So now that Claridge has bought the lot at Carling and Preston, will they want to add 7 stories to the Soho total and go for 42? Why not, the sky’s the limit.

Claridge's new tower will block some of the Soho Italia views of Dows Lake and Commissioner's Park

Shown below is the SimPreston photoshop done up by my graphic artist (aka dependent child), which replaced Dow Motors and CIBC with tall condos; and also the vacant Esso station lot on the right (east) of Preston, now owned by Claridge. We don’t know what will be proposed yet, but we will know shortly tall-ly.

13 thoughts on “Sim Preston: Claridge strikes again

  1. I think the lot you are talking about is on the NE corner of Carling/Preston and not the SE corner….I thought Suny’s Petroleum owned it and not Imperial Oil.

      1. Suny’s owned the station at Preston & Adeline. It is now vacant and used as parking. I don’t think it has been decontaminated yet. I used to fill up there all the time.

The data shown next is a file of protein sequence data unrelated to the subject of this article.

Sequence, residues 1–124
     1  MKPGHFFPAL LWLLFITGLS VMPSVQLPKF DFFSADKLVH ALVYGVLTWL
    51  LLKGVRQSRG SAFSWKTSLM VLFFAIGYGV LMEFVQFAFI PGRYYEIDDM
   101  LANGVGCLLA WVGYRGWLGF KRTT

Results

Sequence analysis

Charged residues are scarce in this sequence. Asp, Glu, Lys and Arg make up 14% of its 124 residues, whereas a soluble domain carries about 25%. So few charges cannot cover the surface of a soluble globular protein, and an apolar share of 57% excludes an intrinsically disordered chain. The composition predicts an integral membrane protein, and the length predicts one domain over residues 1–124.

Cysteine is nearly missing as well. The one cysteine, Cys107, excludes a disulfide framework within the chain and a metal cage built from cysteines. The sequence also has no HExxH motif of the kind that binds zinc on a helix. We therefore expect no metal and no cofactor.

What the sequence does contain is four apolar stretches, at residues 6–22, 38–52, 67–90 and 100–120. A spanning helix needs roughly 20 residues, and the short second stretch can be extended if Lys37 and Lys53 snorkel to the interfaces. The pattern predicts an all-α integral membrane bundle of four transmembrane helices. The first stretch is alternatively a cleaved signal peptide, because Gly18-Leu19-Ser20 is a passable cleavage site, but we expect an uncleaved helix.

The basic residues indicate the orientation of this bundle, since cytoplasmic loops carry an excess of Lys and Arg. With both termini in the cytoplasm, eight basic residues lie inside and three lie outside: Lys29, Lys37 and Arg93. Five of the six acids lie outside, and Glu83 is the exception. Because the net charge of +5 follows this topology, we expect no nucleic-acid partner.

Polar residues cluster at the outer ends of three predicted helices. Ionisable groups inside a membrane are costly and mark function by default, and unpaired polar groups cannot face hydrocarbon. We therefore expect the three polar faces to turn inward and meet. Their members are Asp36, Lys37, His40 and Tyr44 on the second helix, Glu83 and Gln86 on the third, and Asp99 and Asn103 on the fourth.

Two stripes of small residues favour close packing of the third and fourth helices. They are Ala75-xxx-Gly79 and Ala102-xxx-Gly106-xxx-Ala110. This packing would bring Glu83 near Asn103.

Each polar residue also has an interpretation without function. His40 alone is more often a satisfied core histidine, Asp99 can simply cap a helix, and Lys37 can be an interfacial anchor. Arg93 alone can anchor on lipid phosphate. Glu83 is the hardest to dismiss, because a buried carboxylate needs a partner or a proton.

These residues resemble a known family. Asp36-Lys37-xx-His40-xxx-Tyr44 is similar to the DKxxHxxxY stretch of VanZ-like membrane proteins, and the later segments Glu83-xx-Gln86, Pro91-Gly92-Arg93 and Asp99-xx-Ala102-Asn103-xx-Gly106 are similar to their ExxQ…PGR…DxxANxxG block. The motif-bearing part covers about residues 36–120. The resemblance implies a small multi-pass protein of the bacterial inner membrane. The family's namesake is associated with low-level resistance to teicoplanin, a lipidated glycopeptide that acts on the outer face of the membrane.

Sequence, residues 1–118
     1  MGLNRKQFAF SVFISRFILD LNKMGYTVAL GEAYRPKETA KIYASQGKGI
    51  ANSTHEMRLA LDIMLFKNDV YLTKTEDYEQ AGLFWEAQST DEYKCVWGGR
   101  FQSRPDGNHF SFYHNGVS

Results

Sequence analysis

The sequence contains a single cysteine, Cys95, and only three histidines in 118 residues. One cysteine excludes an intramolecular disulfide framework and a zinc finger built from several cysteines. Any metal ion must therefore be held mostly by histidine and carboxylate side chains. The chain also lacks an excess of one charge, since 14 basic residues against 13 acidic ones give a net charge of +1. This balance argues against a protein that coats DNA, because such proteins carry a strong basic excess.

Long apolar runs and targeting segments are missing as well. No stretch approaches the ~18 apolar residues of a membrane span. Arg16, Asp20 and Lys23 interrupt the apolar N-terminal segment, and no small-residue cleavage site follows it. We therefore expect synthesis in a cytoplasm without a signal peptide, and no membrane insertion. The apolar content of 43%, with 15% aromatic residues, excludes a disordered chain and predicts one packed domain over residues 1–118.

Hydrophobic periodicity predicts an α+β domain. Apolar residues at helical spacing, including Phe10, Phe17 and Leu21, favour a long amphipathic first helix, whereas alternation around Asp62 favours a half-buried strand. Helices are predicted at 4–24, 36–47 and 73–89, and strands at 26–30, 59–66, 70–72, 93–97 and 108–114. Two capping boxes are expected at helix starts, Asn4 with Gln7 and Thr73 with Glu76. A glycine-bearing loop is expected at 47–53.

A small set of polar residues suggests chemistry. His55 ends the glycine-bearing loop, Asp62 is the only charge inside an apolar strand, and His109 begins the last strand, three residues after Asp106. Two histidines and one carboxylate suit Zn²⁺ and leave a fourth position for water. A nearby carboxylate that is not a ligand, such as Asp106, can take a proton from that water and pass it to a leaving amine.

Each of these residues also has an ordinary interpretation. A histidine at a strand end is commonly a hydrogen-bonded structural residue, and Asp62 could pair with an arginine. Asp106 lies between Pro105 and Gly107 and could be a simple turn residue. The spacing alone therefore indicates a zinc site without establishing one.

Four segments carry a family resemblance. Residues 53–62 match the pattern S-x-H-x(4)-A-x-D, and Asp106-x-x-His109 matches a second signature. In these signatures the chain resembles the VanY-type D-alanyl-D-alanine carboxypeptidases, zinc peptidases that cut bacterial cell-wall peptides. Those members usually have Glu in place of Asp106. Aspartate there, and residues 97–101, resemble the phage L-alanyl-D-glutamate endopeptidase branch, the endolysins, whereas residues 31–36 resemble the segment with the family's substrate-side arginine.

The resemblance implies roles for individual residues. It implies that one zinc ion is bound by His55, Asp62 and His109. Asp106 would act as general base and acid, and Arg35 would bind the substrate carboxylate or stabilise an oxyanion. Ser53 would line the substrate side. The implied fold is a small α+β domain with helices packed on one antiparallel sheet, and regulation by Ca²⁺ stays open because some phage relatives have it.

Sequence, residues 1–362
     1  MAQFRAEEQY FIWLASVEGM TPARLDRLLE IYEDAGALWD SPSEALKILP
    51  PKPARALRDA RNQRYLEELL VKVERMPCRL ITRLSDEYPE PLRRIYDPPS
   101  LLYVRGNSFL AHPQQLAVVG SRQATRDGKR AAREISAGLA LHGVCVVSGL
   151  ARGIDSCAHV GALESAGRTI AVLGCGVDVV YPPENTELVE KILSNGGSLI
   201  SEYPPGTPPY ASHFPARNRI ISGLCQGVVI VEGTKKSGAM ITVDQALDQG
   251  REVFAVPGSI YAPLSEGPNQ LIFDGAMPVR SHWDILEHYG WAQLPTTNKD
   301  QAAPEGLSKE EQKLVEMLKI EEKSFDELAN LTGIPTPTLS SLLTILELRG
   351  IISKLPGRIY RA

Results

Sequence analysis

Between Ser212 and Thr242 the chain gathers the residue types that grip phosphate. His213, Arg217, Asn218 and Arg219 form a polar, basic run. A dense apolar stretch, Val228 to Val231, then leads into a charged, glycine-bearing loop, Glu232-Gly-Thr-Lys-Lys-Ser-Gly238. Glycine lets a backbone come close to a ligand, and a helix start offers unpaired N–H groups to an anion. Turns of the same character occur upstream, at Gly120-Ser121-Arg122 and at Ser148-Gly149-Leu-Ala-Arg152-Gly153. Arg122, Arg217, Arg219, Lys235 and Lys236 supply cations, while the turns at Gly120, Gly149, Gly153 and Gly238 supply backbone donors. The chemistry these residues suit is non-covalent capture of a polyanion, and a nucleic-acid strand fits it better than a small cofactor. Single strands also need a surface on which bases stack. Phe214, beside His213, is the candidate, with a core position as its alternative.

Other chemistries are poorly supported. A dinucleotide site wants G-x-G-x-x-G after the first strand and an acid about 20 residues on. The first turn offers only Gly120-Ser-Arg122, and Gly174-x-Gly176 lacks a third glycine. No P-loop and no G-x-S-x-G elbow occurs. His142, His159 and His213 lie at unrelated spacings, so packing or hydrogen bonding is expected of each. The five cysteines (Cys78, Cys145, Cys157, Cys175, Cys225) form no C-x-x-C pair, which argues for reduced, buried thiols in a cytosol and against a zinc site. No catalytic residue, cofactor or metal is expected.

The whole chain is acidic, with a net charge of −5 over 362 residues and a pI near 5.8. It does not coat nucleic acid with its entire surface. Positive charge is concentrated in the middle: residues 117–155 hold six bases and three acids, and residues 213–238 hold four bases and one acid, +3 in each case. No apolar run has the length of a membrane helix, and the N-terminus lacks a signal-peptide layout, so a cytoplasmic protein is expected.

2. Oh the traffic woes we will face in Civic Hospital. Sherwood will become a drag strip for the condo owners going to and from the Queensway.Amazing the ‘unintended outcomes’ that can happen with development.

    1. This is so true! One of the many problems with putting so many people in a small area. One regular commenter to this blog often talks about height of buildings as being a mental thing we need to get over without thinking about the consequences to neighbouring communities from exactly what you note above.